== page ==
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As Coronavirus continues to spread around the world, coverage continues to dominate the media…with no signs of slowing down in the near future. This ultimately results in trickle-down effects on the mental health and well-being of the population as a whole.

Put another way: people who haven’t even contracted the virus are still being affected. For instance:

  • Anxiety, stress, and panic increases in individuals due to the real (or perceived) threat of the virus
  • Sleep patterns are disturbed, resulting in fatigue and higher susceptibility to illness in general
  • Travel plans are cut short or canceled altogether, decreasing quality of life
  • People stay at home instead of going out, furthering feelings of isolation and loneliness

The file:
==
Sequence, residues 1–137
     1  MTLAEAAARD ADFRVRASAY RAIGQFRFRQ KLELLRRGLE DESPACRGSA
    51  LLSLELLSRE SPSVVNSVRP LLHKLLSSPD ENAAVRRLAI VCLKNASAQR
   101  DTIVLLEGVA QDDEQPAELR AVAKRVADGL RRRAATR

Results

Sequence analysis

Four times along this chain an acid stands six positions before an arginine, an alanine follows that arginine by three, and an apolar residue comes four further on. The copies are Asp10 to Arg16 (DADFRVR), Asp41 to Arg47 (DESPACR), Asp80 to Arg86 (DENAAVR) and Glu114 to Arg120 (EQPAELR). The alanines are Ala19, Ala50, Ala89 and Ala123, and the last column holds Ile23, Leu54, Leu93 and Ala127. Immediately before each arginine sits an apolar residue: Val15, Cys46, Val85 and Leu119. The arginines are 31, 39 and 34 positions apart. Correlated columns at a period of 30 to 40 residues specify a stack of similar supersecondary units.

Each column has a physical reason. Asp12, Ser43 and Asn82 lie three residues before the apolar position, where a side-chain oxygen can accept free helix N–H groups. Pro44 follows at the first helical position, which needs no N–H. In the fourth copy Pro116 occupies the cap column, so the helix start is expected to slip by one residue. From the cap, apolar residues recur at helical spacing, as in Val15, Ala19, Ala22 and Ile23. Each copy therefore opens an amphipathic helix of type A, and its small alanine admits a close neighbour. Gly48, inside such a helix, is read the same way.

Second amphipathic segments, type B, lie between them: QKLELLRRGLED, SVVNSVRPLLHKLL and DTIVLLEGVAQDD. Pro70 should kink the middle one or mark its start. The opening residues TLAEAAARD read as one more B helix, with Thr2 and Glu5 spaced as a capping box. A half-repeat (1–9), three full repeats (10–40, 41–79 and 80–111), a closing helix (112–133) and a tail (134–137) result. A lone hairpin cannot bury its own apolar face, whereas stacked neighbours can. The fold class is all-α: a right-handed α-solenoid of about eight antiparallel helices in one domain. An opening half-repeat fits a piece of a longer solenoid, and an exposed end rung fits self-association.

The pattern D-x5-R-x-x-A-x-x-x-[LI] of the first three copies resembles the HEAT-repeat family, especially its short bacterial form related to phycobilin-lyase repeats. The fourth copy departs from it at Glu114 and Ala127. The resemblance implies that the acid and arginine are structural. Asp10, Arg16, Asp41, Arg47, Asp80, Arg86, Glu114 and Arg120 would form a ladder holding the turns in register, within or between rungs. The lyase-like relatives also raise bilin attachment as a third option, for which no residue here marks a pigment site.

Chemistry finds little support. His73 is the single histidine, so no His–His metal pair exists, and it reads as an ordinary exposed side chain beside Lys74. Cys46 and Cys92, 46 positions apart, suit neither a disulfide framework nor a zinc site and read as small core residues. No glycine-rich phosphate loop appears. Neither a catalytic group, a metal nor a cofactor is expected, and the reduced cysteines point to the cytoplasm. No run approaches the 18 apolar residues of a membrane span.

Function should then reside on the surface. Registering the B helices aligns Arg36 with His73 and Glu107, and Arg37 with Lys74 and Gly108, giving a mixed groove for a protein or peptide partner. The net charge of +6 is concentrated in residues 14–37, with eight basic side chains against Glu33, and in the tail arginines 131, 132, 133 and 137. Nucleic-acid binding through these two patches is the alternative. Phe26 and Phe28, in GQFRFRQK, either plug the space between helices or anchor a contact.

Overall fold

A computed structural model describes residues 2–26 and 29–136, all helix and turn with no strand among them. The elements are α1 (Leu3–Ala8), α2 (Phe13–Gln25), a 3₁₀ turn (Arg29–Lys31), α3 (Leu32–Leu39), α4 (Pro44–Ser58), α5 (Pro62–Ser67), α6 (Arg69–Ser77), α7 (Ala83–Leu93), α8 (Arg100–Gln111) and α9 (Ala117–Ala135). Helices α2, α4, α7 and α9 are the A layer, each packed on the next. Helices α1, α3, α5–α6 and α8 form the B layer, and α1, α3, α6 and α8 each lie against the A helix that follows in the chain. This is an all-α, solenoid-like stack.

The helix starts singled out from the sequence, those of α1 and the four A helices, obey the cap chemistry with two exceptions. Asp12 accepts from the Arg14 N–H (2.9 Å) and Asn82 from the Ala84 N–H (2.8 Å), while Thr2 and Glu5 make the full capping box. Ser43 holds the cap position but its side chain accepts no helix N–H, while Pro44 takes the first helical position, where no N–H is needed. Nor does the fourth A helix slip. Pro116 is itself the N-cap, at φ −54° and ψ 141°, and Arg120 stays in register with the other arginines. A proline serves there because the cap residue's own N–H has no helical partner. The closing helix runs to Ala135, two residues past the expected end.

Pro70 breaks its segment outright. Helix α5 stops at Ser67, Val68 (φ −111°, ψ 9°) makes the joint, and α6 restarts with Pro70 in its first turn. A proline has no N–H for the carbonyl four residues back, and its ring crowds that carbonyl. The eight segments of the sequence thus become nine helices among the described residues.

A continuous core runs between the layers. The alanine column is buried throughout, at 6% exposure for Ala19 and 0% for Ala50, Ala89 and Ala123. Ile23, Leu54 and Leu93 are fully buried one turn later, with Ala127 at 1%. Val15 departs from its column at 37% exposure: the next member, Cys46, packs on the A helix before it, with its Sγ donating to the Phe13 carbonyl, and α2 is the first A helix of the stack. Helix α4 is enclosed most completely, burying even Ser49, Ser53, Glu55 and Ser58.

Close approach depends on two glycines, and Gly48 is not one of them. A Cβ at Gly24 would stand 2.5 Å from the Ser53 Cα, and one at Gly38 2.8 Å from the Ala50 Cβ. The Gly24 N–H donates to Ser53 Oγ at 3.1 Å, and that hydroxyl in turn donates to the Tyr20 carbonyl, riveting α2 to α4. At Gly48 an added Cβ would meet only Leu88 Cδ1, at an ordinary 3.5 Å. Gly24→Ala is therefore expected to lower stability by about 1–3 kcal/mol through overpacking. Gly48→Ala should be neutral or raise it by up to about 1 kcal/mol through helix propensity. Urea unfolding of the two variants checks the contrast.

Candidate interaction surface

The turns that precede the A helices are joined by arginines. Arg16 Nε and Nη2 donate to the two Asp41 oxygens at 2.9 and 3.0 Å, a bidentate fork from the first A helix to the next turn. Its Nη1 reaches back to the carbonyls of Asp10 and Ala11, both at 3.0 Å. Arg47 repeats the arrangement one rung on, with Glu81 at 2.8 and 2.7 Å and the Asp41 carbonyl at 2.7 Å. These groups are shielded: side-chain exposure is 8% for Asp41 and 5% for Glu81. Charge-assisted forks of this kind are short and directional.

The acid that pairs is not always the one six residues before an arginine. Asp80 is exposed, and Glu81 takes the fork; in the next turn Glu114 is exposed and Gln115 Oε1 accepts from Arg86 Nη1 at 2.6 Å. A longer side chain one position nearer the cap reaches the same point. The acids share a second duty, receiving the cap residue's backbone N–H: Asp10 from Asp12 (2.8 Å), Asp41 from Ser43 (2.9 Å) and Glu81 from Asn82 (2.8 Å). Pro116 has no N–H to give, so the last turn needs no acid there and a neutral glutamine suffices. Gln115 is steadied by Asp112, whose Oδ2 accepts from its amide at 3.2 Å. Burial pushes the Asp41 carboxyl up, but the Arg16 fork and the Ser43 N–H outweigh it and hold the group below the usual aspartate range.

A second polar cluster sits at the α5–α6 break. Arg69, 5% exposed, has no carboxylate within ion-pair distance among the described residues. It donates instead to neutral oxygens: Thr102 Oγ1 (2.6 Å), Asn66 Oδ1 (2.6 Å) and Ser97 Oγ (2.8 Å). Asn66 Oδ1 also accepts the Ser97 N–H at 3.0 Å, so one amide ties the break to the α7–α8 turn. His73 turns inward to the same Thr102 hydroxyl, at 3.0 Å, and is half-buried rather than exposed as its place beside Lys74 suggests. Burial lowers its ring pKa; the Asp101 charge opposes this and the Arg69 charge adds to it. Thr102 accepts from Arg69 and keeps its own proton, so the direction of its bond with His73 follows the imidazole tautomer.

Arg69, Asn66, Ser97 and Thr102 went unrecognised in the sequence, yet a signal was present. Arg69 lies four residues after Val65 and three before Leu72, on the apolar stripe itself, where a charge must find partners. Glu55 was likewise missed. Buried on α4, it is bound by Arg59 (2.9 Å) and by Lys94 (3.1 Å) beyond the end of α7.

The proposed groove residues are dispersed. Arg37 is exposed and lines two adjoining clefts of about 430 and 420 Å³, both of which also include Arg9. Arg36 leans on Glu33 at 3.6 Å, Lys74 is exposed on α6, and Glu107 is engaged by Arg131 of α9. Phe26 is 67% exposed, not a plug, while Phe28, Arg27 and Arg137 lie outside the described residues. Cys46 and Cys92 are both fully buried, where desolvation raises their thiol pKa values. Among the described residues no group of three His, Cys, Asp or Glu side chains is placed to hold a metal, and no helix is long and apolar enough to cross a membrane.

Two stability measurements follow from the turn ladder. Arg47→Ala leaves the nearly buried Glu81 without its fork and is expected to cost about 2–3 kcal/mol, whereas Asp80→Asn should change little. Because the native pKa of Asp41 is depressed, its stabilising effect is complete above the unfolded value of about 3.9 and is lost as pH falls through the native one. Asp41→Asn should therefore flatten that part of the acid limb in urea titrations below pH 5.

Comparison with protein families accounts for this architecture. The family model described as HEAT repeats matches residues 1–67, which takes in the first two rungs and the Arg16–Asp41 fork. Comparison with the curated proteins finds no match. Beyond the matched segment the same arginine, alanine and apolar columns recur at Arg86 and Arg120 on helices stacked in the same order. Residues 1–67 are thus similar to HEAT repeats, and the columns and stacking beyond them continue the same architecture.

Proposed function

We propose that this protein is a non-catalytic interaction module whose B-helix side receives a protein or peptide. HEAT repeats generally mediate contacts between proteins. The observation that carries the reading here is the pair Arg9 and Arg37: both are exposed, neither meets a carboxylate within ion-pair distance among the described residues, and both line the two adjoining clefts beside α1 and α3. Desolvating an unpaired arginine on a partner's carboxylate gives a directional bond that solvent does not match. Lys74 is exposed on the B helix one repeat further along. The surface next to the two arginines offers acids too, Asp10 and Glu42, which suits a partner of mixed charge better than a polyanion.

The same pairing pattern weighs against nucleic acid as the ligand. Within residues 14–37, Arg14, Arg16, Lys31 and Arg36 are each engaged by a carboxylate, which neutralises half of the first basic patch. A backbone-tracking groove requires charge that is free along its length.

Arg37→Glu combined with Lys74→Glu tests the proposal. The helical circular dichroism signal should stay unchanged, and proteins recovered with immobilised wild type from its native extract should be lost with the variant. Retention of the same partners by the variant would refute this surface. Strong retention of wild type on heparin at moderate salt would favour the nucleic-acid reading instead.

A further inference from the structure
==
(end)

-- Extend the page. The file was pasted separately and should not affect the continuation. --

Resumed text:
• …and the list goes on 

Here are a few tips from the American Psychological Association to help reduce anxiety and fears about Coronavirus:

  1. Keep everything in perspective. Just because there’s a lot of coverage doesn’t mean you or your family are directly-threatened. The number of confirmed cases in the U.S. is extremely low.
  2. Get the facts. Find credible and unbiased sources you can trust, like the CDC, your local/state public health agencies, or your family physician. (You’re less-likely to get unbiased information from social media or the 24-hour news cycle.)  
  3. Speak with your children. Talk about the news coverage with honest and age-appropriate information. Remember that children observe behaviors and emotions for cues on how to manage their own feelings, and if you’re alarmed, they’ll likely follow suit.
  4. Stay connected. Social networks can foster a sense of normality and provide valuable outlets for sharing feelings and relieving stress. Share helpful information from government websites and other unbiased sources with friends and family.
  5. Seek additional help. Individuals overwhelmed with nervousness, sadness, or other prolonged reactions that are affecting job performance or personal relationships should speak with a trained and experienced mental health expert.

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